"I have never had sex with her", declared Berlusconi, "and the so-called bunga-bunga evenings at my house were dinner parties, not sex orgies." So far, so Berlusconi. He risks three years in prison for teenage prostitution and 12 years for abuse of power but, as expected, he will appeal.

One week later, however, another criminal court in Milan convicted Berlusconi of tax fraud and sentenced him to jail for four years, reduced to one year due to the statute of limitations. It is Berlusconi's first-ever conviction in nearly twenty years of legal proceedings and three convictions which were overturned on appeal or ran into the statute of limitations. This time again, nobody expects him to go to jail, given the slowness of the three-tier judicial system in Italy which allows the defendant two levels of appeal during which time the statute of limitations usually kicks in. Moreover, Italian courts rarely jail a person over 70 years of age which puts Berlusconi, 76, safely beyond the jailers' grasp.


On 13 November, six months after his election, President François Hollande held his first general press conference at the Elysée Palace. A somewhat bumbling start of his administration, including a prime minister who has had to correct or retract a number of his public statements, has resulted in the perception of ineptitude. After initial efforts to contrast his "normal" presidency with Nicolas Sarkozy's frenetic style, which largely misfired, Hollande had been keeping a low profile. Hence, his televised press conference was eagerly awaited, especially his plans for a €30 billion cut in public spending to bring down the deficit to 3% of GDP next year.   

Hollande press conference at Elysée Palace

Faced with overstretched public finances, near-zero growth and a huge trade deficit, Hollande must effect deep structural reforms and boost competitiveness by reducing the cost of labor. Aware of his low approval ratings, Hollande made a great effort to appear presidential and reassure the nation that he had things under control. Don't judge me now, he asked, but at the end of my term when I promise that young people will be better off than they are today. He did indeed look presidential and seemed to have gained in confidence, but his "wait-and-see" answers did not seem to reassure. This Socialist president will be judged harshly on his budget cuts, including his proposed increase in VAT sales tax to lighten the tax burden on businesses, expected cuts in welfare and increased tax rates across the board to help lower the deficit. It does not square with his campaign promises.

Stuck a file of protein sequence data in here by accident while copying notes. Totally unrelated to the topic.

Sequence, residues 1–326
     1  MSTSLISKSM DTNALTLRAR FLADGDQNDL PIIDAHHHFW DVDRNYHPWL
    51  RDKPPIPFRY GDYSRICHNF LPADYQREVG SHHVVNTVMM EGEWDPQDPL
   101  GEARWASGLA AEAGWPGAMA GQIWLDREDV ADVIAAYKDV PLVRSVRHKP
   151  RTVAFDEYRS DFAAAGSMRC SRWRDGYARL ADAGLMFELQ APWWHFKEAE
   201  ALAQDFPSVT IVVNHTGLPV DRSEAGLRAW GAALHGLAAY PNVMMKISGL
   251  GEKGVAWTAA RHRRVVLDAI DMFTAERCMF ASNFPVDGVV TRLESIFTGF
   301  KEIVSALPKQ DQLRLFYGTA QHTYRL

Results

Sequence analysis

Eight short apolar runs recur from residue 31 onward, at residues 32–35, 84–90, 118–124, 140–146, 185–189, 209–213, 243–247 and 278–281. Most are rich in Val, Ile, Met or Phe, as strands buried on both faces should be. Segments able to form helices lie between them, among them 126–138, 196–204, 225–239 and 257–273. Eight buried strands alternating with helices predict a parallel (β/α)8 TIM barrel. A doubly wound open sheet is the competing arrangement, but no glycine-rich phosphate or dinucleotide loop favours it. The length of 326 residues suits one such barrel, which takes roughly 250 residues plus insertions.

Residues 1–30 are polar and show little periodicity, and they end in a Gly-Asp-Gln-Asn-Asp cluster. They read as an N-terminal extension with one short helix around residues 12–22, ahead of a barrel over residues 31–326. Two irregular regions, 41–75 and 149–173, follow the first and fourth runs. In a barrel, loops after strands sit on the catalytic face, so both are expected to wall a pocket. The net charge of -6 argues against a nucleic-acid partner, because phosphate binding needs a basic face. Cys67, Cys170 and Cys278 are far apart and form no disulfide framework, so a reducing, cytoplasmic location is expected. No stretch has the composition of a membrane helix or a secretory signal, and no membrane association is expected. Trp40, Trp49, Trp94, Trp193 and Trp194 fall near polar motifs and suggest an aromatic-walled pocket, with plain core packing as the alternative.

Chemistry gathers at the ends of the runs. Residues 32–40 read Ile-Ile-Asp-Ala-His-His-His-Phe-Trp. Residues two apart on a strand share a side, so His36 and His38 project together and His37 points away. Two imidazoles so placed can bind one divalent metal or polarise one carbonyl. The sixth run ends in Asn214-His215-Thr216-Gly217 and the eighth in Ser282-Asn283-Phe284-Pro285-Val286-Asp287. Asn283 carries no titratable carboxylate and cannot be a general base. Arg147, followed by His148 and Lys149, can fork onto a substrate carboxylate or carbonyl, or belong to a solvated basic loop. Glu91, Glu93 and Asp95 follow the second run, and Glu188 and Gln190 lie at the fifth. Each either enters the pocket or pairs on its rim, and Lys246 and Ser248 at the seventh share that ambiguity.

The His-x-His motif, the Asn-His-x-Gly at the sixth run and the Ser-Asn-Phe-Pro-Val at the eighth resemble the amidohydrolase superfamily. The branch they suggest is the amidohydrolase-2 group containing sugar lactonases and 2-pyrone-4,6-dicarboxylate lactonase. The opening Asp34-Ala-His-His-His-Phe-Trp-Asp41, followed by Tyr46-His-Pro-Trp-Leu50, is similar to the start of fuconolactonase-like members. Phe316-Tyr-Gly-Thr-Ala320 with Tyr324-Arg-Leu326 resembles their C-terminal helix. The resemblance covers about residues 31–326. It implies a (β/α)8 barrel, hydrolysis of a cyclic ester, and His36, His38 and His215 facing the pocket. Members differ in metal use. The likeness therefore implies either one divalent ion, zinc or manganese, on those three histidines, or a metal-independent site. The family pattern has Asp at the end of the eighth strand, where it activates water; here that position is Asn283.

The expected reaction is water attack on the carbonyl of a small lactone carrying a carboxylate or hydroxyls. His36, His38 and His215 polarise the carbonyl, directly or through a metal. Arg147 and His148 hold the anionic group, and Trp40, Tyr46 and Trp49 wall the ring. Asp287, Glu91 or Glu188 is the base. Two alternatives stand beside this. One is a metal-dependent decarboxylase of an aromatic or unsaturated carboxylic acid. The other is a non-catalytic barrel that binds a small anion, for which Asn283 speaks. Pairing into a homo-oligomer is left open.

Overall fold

The death and destruction caused by recent super-storm Sandy in the Caribbean and along the northeast United States just a year after hurricane Irene hit the same area and after Katrina devastated New Orleans in 2005 has put the issue of global warming squarely back on the political agenda. As scientific debate continues it seems generally agreed today that global warming helps trigger alarming extremes in weather patterns and rising sea levels. Even though both of the U.S. presidential candidates avoided the issue in their campaigns, we may hope that President Obama or his representatives at the Doha climate talks later on this month will make some serious proposals and commitments to the fight to reverse this warming trend. 

One afterthought:  In the various reports I read or heard about the ravages of Sandy, there never was any mention of the fact that in the United States overhead power lines are still very common outside city centers while in Europe they are rare. Since storms are not rare and often knock down trees and power lines, causing power outages which can last days, these recurring incidents are costly and at the very least disruptive. I remember that in Washington, DC, where trees have rather shallow root systems, fallen trees and power failures were a regular occurrence, and the fireworks caused by downed power lines in Queens that caused 120 houses to burn to the ground were clear evidence of their potential danger. The cost of putting power lines underground cannot possibly outweigh the tragedy of these fires.